Antonio Caldara (1670 – 28 December 1736) was an Italian Baroque composer.
Caldara was born in Venice (exact date unknown), the son of a violinist. He became a chorister at St Mark's in Venice, where he learned several instruments, probably under the instruction of Giovanni Legrenzi. In 1699 he relocated to Mantua, where he became maestro di cappella to the inept Charles IV, Duke of Mantua, a pensionary of France with a French wife, who took the French side in the War of the Spanish Succession. Caldara removed from Mantua in 1707, after the French were expelled from Italy, then moved on to Barcelona as chamber composer to Charles VI of Austria, the pretender to the Spanish throne who kept a royal court at Barcelona. There, he wrote some operas that are the first Italian operas performed in Spain. He moved on to Rome, becoming maestro di cappella to Francesco Maria Marescotti Ruspoli, 1st Prince of Cerveteri. While there he wrote in 1710 La costanza in amor vince l'inganno (Faithfulness in Love Defeats Treachery) for the public theatre at Macerata. In 1716, he obtained a similar post in Vienna to serve the Imperial Court, and there he remained until his death.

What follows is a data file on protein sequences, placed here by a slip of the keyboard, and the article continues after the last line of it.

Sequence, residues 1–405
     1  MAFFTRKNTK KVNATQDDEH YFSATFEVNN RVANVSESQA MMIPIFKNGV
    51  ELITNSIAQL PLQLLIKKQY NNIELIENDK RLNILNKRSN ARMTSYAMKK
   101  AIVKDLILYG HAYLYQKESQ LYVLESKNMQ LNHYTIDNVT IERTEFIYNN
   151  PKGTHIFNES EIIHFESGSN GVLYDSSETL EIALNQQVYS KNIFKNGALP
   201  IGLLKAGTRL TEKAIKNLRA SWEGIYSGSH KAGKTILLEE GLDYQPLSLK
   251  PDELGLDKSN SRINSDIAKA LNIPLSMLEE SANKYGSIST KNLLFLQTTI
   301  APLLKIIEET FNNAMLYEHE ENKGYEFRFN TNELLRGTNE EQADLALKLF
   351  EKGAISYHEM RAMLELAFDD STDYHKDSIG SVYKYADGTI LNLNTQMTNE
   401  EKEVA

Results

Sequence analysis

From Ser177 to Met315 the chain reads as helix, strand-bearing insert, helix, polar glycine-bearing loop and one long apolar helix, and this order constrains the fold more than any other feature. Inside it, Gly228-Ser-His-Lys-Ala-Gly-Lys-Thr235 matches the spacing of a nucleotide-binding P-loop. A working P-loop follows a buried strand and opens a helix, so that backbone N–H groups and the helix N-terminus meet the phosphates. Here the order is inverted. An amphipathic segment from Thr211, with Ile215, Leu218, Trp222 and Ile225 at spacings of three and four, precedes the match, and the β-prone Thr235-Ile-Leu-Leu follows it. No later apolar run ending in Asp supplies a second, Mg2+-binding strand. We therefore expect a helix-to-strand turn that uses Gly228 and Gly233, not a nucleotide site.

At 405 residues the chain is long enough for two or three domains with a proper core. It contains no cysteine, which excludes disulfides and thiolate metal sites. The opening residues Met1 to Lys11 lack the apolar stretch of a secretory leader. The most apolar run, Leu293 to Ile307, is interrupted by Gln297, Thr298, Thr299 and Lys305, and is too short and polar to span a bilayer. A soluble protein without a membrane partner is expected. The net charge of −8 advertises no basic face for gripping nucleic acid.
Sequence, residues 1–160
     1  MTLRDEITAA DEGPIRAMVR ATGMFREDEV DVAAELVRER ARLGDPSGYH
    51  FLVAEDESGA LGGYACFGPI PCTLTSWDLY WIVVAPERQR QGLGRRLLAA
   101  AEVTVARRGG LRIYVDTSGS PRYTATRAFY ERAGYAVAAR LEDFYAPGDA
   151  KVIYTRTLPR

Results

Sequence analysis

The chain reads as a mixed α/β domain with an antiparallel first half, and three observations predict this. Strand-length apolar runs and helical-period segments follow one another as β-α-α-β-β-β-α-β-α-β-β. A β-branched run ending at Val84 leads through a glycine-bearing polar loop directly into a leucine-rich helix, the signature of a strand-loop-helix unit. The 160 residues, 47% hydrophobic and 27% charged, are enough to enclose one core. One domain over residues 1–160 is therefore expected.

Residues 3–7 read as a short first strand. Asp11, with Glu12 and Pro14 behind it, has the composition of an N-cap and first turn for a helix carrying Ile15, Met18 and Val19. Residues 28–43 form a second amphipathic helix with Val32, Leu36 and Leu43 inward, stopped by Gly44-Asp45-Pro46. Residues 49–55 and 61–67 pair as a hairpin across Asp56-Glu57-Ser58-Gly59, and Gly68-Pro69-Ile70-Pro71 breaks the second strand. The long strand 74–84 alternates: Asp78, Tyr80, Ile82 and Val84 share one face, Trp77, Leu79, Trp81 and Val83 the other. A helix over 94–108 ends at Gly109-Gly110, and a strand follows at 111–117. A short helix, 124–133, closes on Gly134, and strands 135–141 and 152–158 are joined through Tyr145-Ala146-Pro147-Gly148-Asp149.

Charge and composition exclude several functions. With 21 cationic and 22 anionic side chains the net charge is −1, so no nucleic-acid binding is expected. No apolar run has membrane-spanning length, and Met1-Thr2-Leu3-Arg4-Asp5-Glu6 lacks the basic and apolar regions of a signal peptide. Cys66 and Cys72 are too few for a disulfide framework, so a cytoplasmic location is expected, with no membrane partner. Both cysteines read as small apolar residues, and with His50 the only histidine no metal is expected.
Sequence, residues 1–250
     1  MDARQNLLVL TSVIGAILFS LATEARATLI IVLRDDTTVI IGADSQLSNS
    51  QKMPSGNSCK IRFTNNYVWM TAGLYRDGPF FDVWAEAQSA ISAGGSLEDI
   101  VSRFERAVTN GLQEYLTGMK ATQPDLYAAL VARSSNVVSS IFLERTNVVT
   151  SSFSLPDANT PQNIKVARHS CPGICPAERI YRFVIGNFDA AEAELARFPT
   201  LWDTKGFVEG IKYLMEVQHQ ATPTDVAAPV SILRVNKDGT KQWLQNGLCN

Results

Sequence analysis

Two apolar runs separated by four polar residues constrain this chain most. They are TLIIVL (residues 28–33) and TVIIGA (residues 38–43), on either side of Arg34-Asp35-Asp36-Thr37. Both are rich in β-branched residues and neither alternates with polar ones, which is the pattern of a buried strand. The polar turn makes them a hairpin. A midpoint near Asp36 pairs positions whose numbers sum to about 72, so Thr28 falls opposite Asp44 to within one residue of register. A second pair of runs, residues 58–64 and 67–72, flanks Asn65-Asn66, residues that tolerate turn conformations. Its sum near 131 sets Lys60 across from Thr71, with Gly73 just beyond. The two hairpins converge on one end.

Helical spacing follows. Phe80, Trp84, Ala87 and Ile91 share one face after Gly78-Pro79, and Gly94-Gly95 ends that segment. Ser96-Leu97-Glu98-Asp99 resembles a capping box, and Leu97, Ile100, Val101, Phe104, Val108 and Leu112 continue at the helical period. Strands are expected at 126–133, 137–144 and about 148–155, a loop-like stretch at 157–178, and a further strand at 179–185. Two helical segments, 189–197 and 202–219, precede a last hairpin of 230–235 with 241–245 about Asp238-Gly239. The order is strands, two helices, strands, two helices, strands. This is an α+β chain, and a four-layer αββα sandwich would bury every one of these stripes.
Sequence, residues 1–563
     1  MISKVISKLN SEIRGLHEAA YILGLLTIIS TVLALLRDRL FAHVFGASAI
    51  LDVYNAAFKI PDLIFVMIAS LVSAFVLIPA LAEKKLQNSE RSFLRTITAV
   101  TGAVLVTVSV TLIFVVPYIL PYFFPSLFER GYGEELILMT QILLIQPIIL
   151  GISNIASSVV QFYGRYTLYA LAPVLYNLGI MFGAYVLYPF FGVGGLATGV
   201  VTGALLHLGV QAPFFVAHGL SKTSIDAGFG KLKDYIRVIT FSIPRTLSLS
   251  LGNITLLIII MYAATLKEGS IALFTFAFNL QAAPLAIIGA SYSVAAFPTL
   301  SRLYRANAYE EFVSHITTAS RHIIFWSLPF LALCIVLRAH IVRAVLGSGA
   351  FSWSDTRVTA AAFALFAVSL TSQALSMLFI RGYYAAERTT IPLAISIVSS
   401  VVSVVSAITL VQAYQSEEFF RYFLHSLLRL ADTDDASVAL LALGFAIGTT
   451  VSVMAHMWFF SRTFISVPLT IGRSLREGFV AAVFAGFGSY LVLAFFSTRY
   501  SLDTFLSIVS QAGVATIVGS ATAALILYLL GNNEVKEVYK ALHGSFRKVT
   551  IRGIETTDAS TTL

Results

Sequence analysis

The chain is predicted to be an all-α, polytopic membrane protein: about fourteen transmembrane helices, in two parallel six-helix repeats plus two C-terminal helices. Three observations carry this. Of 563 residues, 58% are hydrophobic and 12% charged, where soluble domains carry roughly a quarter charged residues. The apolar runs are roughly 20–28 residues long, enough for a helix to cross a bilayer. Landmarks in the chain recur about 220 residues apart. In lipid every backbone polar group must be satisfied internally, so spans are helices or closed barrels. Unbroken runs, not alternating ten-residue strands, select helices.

Caldara is best known as a composer of operas, cantatas and oratorios. Several of his works have libretti by Metastasio.
Noted works 
- Maddalena ai piedi di Cristo (c. 1700)
- Santo Stefano, primo Re d'Ungheria (1713)
- La Conversione di Clodoveo Re di Francia (1715)
- La passione di Gesù Cristo (1730)
- Il Re del dolore (1722)
- Stabat Mater (c. 1725)
- "Sebben, crudele" (Aria from La costanza in amor vince l'inganno, 1710)
- L'Olimpiade (Opera, 1733)
- D'improvviso (Cantata)
- "Pur dicesti, o bocca bella" (Aria)
- "Alma del core" (Aria)
- "Selve amiche" (Aria)
- Missa Dolorosa (1735)
External links